Hey y’all, guess what?
You can pump your own gasoline in Oregon now. Legally, even.
I guess I live a sheltered life, because I had no idea there were still places that even had full-service filling stations, much less places they are required by law. Couple that with the fact that these laws are gasoline-specific, and I’ve only ever traveled extensively in the cab of a diesel-fueled commercial vehicle, and please forgive my ignorance on the matter, but I find it incredible this is even still a thing.
Not only is it a thing, it’s apparently a part of the “Oregonian identity” that makes Oregon unique. It’s also a part of the “New Jerseyan identity” to slap a fine of up to $500 on those thrill-seekers looking to break the law by filling their own gas tanks.
Oregon modified their ban in 2015, and further rescinded restrictions on self-service in counties with populations under 40,000 the beginning of this year, however, New Jersey remains certain that a great majority of human beings can’t stick a nozzle into a hole and pull a handle without incinerating themselves, or some of the valuable Jersey property they might take with them in a fiery explosion, should they be allowed to do such horrifically dangerous things.
New Jersey banned self-service gasoline in 1949, and Oregon did the same in 1951, both states citing safety and retention of gasoline attendant jobs as reasons. And there’s the little word that carries so much power again – safety. But you knew it would come up in this tale sooner or later, because safety is the golden ticket. You could pass a law making ice cream cones illegal if you threw the word “safety” in there somewhere – but make sure it’s somewhere real scary, like the part where ice cream is really cold and poses a dangerous threat to things that aren’t really cold. Before you know it, ice cream is from the debil and it’s illegal, because it is unsafe. (And from the debil.)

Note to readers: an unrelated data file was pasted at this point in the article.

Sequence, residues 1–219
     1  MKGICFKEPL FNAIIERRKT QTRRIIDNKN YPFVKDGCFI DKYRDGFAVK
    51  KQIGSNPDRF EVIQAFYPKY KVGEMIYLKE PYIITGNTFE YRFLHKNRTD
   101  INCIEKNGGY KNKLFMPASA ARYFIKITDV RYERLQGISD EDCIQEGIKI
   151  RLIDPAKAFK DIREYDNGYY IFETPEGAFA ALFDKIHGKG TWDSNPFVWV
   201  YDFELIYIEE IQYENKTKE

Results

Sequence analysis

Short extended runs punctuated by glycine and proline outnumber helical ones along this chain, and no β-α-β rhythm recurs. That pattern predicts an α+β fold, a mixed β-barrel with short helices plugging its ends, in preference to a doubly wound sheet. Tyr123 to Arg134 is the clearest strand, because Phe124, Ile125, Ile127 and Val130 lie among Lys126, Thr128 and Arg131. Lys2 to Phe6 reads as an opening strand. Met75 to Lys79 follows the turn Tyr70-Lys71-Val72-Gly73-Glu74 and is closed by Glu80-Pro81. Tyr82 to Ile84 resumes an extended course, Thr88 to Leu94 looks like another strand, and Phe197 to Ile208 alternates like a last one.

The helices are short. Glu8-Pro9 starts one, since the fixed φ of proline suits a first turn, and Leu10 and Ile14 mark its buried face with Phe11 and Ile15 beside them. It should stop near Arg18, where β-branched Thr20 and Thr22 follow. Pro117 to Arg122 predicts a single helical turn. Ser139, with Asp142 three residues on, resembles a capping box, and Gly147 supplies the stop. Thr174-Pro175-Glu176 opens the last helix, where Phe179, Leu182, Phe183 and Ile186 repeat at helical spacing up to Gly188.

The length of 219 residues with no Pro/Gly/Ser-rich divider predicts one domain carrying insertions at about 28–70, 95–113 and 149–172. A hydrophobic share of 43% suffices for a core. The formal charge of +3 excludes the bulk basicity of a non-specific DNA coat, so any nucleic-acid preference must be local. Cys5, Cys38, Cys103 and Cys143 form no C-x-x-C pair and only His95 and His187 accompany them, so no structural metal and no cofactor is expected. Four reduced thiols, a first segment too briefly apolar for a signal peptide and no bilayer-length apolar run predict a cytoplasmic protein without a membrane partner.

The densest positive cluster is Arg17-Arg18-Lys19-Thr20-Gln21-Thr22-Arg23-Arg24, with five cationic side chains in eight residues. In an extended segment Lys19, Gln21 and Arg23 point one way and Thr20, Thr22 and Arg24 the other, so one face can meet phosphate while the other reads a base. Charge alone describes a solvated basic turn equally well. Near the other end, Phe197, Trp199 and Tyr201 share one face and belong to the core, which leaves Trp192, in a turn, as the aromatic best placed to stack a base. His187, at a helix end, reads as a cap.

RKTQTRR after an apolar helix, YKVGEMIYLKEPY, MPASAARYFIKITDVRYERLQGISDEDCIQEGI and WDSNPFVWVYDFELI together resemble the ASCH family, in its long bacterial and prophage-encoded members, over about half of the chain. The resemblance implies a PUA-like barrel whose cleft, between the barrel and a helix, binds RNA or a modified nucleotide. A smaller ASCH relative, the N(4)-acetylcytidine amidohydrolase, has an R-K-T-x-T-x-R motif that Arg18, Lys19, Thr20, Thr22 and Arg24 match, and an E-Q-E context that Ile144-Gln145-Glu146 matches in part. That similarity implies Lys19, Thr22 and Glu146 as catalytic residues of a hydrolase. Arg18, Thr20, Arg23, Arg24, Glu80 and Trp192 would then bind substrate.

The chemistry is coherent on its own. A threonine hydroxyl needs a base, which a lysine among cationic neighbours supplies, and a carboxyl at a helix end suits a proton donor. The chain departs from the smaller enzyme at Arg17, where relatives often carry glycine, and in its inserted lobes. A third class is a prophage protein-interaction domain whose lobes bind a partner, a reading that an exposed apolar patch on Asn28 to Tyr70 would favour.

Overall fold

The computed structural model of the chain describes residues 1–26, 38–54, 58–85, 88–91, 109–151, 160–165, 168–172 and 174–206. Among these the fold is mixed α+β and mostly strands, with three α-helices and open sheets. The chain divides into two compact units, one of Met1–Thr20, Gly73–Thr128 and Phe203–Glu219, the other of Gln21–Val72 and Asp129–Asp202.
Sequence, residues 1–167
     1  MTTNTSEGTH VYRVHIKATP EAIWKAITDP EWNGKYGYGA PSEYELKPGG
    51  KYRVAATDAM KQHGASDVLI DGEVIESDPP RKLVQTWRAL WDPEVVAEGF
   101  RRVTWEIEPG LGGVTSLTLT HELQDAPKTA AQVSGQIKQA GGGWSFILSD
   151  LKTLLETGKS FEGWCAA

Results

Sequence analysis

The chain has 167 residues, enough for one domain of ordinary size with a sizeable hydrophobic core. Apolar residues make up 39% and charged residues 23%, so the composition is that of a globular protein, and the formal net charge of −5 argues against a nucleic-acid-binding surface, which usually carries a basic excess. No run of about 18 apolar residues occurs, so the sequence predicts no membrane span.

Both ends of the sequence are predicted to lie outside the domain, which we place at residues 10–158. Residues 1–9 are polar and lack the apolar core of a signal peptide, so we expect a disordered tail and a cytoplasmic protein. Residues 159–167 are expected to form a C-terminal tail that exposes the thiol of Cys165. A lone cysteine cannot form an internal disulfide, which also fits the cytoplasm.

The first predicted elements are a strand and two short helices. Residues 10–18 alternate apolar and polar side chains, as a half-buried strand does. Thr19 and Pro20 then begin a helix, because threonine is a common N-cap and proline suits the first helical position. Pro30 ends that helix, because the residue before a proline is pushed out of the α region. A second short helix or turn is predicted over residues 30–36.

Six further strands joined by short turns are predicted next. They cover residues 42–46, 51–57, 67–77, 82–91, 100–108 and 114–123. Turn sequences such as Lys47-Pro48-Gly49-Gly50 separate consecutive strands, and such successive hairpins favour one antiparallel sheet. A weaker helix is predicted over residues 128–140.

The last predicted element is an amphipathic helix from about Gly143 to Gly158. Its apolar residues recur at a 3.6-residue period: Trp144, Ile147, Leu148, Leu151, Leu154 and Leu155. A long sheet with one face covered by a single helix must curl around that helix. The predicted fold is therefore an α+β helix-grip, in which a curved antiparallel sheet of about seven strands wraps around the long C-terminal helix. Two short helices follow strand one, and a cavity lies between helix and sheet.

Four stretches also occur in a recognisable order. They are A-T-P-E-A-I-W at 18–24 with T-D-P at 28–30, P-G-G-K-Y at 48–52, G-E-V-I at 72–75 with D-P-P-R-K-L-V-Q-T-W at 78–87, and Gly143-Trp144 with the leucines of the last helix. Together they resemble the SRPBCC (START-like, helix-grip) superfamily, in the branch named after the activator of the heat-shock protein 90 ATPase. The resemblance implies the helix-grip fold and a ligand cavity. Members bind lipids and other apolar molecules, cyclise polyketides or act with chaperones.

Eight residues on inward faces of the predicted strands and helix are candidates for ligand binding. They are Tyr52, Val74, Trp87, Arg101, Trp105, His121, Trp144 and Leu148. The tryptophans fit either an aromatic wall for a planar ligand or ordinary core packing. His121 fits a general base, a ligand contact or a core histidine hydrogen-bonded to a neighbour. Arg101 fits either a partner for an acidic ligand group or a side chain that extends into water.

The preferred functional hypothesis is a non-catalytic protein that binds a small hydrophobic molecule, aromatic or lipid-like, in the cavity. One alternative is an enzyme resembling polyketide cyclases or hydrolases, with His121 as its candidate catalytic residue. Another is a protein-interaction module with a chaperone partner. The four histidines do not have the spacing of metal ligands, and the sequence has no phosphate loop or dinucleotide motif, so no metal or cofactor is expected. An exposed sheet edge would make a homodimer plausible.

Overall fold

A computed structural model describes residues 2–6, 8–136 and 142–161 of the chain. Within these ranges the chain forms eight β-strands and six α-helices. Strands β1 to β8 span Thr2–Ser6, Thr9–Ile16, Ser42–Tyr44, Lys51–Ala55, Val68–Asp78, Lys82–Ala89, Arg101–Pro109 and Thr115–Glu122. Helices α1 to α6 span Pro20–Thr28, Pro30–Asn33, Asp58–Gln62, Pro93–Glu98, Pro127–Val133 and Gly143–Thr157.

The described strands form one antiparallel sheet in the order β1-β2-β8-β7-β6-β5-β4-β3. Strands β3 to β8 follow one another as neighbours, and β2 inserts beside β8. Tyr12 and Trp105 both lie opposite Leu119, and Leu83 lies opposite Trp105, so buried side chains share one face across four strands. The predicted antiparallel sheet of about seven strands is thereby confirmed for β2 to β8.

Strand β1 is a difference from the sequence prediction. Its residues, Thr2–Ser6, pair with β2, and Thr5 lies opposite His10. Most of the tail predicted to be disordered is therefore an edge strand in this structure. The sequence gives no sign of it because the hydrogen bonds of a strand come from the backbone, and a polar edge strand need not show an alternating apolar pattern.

I realize these laws probably had more basis when they were enacted — using leaded fuel, pumped manually through primitive pumps. But for heaven’s sake, it’s the 21st dang century. If you can hurt yourself pumping gasoline, you’re probably going to hurt yourself eating an ice cream cone. You just can’t be safe enough for everyone, no matter what laws you put in place. And nowadays, of course, “safety” is more often than not utilized toward different ends, namely to pass laws that remove individual freedom and control, not restrict it. Lord Jeebus we all look forward to the day they prohibit you from driving your own truck, don’t we?
Sarcasm. And I digress … Can you imagine how different the American landscape would be if every safety concern had been addressed with restrictive laws thus far? History books wouldn’t have anything about Pioneers heading West in covered wagons, because someone would have definitely had safety concerns about how insane it was to light off in a wooden cart with nine kids, dragging a cow and everything they owned through native territory, over mountain passes, and across a couple of desert plains. That place called “Oregon” might have never happened at all.
The adventurous souls and founding ancestors of “native Oregonians” might be more than slightly miffed about their descendants freaking out over having to pump their own gasoline, since they themselves basically walked across North America without maps, or roads, or pump attendants less than three full generations ago to set up camp for those who followed.
Welcome to the brave new world. At least we’re safe.